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Understanding the Bible

What Does the Bible Say?

That may seem like an odd question, for with the Bible in front of us it seems perfectly obvious what it says. Yet the very fact that we can read a Bible that makes sense in our own language is itself a tribute to the endeavours to past generations of biblical critics. A few facts about the Bible will help to explain why.

  • The Bible is written in what to us are foreign languages: the New Testament in Greek, and the Old Testament mainly in Hebrew, with a few pages in Aramaic. To understand what the Bible says we need to have a good grasp of these languages. To translate a modern book from say, French into English is a fairly straightforward business, for large numbers of people speak both languages and we can readily discover what their various expressions mean. But nobody today speaks any of the Bible languages.

    Languages change all the time, and the modern language called Hebrew and Greek are both significantly different from their predecessors in Bible times. Even the New Testament's Greek is rather different from that used by classical thinkers like Plato, only a few centuries before the time of Jesus.

    Discovering the exact meaning of the Bible languages is a complex affair, which includes the study of history and culture as well as strictly linguistic considerations.

  • We should also remember that no modern person has ever seen the original texts that the Bible authors themselves wrote. Even our most ancient Greek and Hebrew texts are copies of yet older copies.

    All the oldest copies were made long before the invention of printing. Scribes wrote them by hand, often in difficult conditions - and they occasionally made mistakes. They often wrote from dictation, and sometimes heard the words wrongly. Even when copying from other written manuscripts, and ancient scribe would occasionally miss out whole sections of text as his eye jumped accidentally from one use of a particular word to the next, a couple of lines down.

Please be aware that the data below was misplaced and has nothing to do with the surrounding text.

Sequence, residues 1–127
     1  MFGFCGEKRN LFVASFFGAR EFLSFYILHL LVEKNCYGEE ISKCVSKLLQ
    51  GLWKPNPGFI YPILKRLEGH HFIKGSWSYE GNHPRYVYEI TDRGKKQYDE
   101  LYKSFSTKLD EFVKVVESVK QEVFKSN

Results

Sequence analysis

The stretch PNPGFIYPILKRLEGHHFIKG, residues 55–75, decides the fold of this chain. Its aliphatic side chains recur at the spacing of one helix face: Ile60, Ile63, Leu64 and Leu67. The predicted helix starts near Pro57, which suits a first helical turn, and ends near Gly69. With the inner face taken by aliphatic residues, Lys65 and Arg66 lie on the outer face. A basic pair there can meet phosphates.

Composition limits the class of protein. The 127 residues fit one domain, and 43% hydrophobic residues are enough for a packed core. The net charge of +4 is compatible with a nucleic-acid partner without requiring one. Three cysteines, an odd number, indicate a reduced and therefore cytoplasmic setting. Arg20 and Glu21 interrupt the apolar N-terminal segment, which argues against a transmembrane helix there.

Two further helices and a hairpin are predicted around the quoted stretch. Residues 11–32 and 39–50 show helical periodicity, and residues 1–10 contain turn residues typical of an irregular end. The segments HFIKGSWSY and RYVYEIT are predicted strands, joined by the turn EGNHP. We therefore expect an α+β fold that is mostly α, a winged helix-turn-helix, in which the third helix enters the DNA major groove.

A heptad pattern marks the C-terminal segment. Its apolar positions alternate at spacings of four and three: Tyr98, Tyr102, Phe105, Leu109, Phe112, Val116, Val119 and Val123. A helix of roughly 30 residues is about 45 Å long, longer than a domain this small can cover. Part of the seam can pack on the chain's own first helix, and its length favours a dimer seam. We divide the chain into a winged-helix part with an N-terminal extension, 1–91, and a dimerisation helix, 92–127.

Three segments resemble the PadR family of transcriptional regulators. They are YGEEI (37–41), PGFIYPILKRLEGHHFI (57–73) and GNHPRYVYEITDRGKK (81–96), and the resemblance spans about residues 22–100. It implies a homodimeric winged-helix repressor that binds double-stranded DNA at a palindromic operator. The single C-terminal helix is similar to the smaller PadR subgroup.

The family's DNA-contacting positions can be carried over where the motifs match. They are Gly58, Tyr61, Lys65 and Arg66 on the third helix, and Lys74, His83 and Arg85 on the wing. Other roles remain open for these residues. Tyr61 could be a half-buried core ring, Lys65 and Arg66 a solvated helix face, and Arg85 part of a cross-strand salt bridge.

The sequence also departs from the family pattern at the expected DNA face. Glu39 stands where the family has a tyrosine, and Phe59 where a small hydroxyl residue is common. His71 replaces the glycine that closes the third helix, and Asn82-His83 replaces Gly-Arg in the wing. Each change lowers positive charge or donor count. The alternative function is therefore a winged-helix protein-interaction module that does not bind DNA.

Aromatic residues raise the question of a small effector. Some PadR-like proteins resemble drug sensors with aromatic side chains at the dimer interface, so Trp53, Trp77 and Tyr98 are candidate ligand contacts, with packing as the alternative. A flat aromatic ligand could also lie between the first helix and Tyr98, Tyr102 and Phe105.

If a previous reader had made his own comments in the margin, they might sometimes be copied into the text as if they were part of it. Then, on top of that, groups of people with a particular message to put over might occasionally introduce deliberate changes in order to provide 'biblical' evidence in support of their point of view.

  • Go to Bible Texts

    What does the Bible say? What does the Bible mean?
    Land of the Bible
    Land of the Bible A real history needs a real setting. The land and the people were real, and so, says the Bible, the coming of God to that paticular place was real, too. MORE ...
    Archaeology and the Bible
    Archaeology and the Bible The Bible is a collection of ancient books. The cultures in which those books were written have perished long ago. Much is being found again. MORE . . .
    The Story of the Bible
    The Story of the Bible How did these various books come to be written? Who wrote them? When? And how did they come together to make the book we now know as the Bible? MORE . .
    Understanding the Bible
    Understanding the Bible The Bible may be an ancient book but it is part of an unfinished story. The story begins, continues - and will end - with God's love. MORE . . .

    Religion & Worship in the Bible
    From earliest times, men and women have felt the need to worship, or pay respect to, someone or something greater than themselves. For the Israelites and their neighbors religion was an essential part of life.MORE . . .
    Home & Family Life in the Bible
    It is hard enough to imagine life fifty years ago. How much more difficult, then, to get a true picture of home and family life in Bible times.MORE . . .
    Atlas of Bible History
    The story of ancient Israel, the major theme of the Old Testament begins with the Patriarchs and covers a people of promise but of disobedience as well. Great powers arose surrounding this tiny stretch of land...MORE . . .